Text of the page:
I have to say, I opened Jhumpa Lahiri’s Unaccustomed Earth with quite a bit of excitement. Interpreter of Maladies, her first short story collection is perhaps my favorite short story collection of all time (bold, I know). With her second novel, the Namesake, I was frustrated because it seemed like a collection of short stories that was just trying to be a novel. Thus, when I heard she’d produced more stories, albeit longer in length, I was eager to plunge in (though I had to wait for it to hit paperback, as I shun hardcover novels, for better or worse).
First thought – her style of writing hasn’t changed, and it’s a good thing. She has an incredible way of giving every object in her stories some kind of history – a person doesn’t lay their bag on the floor or fill a glass of water without it somehow conveying intimate details of their past – I’ve always admired this about her writing.
The problem? Well, effective as this is, she doesn’t mix it up at all! The entire book, unfolds in almost the exact same patient style, to the point where I was almost longing for short, meaningless spurt of dialogue. Perhaps it’s the Digital Native in me.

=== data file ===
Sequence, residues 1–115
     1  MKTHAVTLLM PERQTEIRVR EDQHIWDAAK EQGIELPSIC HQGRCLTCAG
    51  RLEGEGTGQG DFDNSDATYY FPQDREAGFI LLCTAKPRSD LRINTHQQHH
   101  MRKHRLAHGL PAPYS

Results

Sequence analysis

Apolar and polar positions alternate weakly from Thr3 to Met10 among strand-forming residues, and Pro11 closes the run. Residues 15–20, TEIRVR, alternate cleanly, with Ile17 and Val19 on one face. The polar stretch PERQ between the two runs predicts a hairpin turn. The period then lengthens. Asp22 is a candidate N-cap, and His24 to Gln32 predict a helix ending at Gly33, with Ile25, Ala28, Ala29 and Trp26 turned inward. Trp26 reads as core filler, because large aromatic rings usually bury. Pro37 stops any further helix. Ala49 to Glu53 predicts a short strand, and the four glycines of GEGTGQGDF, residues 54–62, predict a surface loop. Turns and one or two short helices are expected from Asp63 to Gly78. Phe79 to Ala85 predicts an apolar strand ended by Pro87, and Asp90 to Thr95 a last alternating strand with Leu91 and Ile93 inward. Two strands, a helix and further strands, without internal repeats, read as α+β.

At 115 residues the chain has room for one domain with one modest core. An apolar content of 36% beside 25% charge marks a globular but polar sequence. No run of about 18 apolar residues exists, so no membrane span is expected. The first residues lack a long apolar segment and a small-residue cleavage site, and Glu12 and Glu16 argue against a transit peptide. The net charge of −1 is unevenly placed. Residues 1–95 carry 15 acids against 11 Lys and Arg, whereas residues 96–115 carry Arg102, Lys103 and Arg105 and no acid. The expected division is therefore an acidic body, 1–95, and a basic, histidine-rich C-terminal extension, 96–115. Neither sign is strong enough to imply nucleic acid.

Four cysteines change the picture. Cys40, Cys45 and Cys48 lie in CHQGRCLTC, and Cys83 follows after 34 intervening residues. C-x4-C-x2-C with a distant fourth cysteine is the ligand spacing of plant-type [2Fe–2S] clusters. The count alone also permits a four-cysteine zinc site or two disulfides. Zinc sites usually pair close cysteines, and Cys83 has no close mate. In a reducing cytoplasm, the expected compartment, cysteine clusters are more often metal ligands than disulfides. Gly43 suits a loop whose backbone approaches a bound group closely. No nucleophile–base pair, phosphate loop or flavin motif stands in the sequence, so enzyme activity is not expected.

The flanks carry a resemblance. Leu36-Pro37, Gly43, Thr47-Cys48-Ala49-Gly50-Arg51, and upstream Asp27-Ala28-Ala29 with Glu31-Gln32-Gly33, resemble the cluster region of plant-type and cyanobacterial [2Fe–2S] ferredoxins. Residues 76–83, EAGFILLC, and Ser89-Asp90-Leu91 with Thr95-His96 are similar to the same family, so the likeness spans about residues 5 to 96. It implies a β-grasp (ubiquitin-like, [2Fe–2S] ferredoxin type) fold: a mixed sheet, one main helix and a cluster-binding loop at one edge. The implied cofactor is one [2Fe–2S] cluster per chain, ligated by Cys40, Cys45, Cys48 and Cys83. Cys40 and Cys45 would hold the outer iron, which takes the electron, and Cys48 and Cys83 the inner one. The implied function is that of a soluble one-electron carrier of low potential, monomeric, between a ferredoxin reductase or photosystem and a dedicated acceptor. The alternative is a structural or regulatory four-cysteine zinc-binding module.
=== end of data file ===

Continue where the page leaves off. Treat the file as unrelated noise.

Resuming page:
Lastly, the thing I really had trouble getting over, is that…well I can’t imagine how terribly her life or the lives of people she loves must have been in order for her to produce this collection of depressing stories. I understand that things don’t always go well, the world doesn’t always turn, but gosh – they don’t always go awfully either! It feels like an odd complaint somehow, but there you are.
A more reasonable complaint perhaps is that…well the flaws in the characters that cause the conflicts appear to always be the same – someone is too traditional and can’t get past it, another character is too unforgiving and unforgetting, a third keeps secrets against all good judgment - then rinse and repeat. I felt like she told the same sad story in six different ways, and by the end, I was happy to get back to sweet, sweet reality.